Thursday, September 07, 2006

Cooking School: Extra Creamy Cheesecake

Even though there are many kinds of cheesecake in the world - ricotta cheesecake, vegan cheesecake, marbled cheesecake - the one that springs to mind at the first mention of the word is not the light, airy version that is a delight on a hot summer day, but the velvety, ultra-indulgent, creamy cheesecake. This would be that kind of cheesecake.
The recipe comes from one of the cookbooks of a favorite food blogger of mine, David Lebovitz's Ripe for Dessert. The book is all about fruit and fruit desserts, with recipes from the fairly basic, like Apple and Quince Tarte Tatin, to the more unusual, such as Mango Napoleons with Lime Custard and Coconut Flatties. Of course, the cheesecake itself has no fruit in it. David meant for it to be served with mixed berrries, which I omitted out of sheer laziness. By all means, feel free to slice up some berries of your choice for serving.
The cheesecake has a secret ingredient that contributes to its texture: mascarpone. The use of mascarpone makes the cheecake a little lighter and a little silkier than one you would get if you used all cream cheese. The technique used to bake the cake is a little unusual, as well. It is cooked in a water bath and then, after the appropriate amount of time, the oven is turned off and the cheesecake continues to "cook" for another 30 minutes. This slow cooking means that the cheesecake stays smoother than most and seems just barely done when it comes out of the oven. It sets up more as it cools.
I decided that a thicker crust than originall called for would complement the creamy cake best, so I doubled the small amount David called for. You can halve the crust recipe below, but since I love crust, I can't really imagine that you would want any less. Use the best graham crackers or cookies you can find. Gingersnaps would work well here, but cookies with too much cinnamon might be overpowering.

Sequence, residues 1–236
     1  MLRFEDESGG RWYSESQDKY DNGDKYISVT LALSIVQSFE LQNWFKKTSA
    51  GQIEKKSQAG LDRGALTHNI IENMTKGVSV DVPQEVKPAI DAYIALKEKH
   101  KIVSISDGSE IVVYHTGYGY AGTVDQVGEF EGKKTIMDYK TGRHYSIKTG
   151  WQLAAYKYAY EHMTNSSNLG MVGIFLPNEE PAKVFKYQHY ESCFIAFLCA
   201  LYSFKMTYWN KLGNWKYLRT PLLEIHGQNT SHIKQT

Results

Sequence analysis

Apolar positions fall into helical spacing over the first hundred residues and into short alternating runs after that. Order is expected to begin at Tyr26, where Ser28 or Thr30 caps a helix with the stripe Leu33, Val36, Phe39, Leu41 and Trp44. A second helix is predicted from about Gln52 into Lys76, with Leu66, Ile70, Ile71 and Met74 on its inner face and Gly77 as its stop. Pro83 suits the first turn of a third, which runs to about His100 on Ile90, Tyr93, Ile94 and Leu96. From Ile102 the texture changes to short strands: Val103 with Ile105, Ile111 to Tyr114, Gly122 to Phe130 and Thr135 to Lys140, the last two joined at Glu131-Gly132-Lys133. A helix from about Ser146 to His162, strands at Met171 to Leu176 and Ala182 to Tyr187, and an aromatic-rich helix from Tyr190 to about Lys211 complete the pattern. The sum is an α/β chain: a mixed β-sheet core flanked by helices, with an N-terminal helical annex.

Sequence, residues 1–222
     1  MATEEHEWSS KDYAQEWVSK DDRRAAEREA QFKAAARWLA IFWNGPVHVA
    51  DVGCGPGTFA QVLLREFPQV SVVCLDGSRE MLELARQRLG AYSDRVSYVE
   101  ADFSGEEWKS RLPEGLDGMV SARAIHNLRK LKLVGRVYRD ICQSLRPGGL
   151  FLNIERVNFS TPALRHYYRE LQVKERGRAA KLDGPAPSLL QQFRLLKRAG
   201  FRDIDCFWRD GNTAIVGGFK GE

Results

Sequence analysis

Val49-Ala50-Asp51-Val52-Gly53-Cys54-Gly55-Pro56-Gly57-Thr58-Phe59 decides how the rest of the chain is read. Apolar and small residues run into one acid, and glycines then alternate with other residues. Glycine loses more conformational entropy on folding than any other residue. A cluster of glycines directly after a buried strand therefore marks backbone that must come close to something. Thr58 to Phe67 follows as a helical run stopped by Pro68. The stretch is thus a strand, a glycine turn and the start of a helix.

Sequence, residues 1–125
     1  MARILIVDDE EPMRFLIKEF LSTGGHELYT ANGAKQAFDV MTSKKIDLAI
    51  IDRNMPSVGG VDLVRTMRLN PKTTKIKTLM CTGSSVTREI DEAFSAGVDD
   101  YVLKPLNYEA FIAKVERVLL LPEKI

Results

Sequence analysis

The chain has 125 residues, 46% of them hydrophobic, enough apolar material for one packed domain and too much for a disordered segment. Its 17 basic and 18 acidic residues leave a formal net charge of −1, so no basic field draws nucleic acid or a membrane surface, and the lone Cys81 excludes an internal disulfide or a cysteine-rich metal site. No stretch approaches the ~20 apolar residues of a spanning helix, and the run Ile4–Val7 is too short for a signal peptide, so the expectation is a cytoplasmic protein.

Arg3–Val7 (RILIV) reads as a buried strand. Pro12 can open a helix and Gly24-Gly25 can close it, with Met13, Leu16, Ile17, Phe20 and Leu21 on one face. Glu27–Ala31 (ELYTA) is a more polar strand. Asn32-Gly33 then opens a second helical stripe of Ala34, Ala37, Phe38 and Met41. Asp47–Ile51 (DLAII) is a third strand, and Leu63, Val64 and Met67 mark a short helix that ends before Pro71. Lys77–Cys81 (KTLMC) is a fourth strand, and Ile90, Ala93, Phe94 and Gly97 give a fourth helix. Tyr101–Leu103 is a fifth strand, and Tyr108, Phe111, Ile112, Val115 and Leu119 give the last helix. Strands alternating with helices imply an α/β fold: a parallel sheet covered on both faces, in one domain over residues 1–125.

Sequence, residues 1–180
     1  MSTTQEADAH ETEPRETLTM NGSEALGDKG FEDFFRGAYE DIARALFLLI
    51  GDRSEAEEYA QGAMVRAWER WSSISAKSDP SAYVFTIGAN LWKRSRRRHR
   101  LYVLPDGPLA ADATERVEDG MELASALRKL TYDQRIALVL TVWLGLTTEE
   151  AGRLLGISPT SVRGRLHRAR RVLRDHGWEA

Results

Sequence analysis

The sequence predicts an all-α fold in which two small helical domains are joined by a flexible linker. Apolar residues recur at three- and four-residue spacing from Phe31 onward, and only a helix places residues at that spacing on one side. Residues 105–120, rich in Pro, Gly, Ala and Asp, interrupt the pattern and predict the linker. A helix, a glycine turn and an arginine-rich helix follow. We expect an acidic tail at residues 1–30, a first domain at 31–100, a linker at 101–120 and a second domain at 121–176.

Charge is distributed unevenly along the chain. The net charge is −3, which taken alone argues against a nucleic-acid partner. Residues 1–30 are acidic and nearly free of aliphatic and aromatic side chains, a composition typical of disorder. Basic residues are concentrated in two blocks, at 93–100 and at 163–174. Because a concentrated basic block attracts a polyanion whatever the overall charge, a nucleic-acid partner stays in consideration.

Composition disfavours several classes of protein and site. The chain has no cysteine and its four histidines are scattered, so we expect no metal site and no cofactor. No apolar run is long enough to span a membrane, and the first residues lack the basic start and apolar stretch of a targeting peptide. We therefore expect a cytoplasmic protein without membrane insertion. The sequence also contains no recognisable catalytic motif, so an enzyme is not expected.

This is really a fantastic cheesecake, especially if you like your cheesecakes to be rich. It has a fairly mild flavor and a slightly yellow color due to the number of eggs used. This cheesecake must be served cold or it might just melt itself right off your fork. It does seem a bit lighter once it has warmed up, however, so the very best option might be to slice the cake cold and let the individual slices warm up for a few minutes before serving.

Creamy Mascarpone Cheesecake
(from Ripe for Dessert)
16-oz cream cheese, room temperature
1 1/4 cups sugar
1 tsp vanilla extract
5 large eggs, room temperature
16-oz mascarpone, room temperature

2 cups graham cracker crumbs
1/4 cup butter, melted
2 tbsp sugar (optional, if your cookies need it)

Make the crust:
Preheat oven to 375F. Combine crumbs, butter and sugar and stir together. Press mixture into the bottom of a 9-inch round springform pan and bake for about 10 minutes. Cool completely before filling.

Make the cheesecake:
Heat oven to 325 F and get out a large roasting pan that will fit the springform pan. Cover the sides and bottom of the springform pan very, very well with aluminum foil.
In a food processor, blend sugar and cream cheese until smooth. Add in vanilla extract and the eggs, one at a time, until blended and smooth. Add in mascarpone and process again. Pour into the crust and place in roasting pan. Place the pan in the oven and fill halfway up the sides of the springform with warm water.
Bake for 55 minutes at 325. Turn off the oven and leave the cake inside for 20-30 minutes, until the center just seems set but will still ripple when the pan is jiggled (I left mine in for a bit longer, about 35 minutes, since it seemed a bit loose).
Remove from water bath and cool compeletely on a wire rack. When it has cooled, refrigerate overnight or until cold, before serving.

Serves 12, but it could be more or less depending on how much you like cheesecake.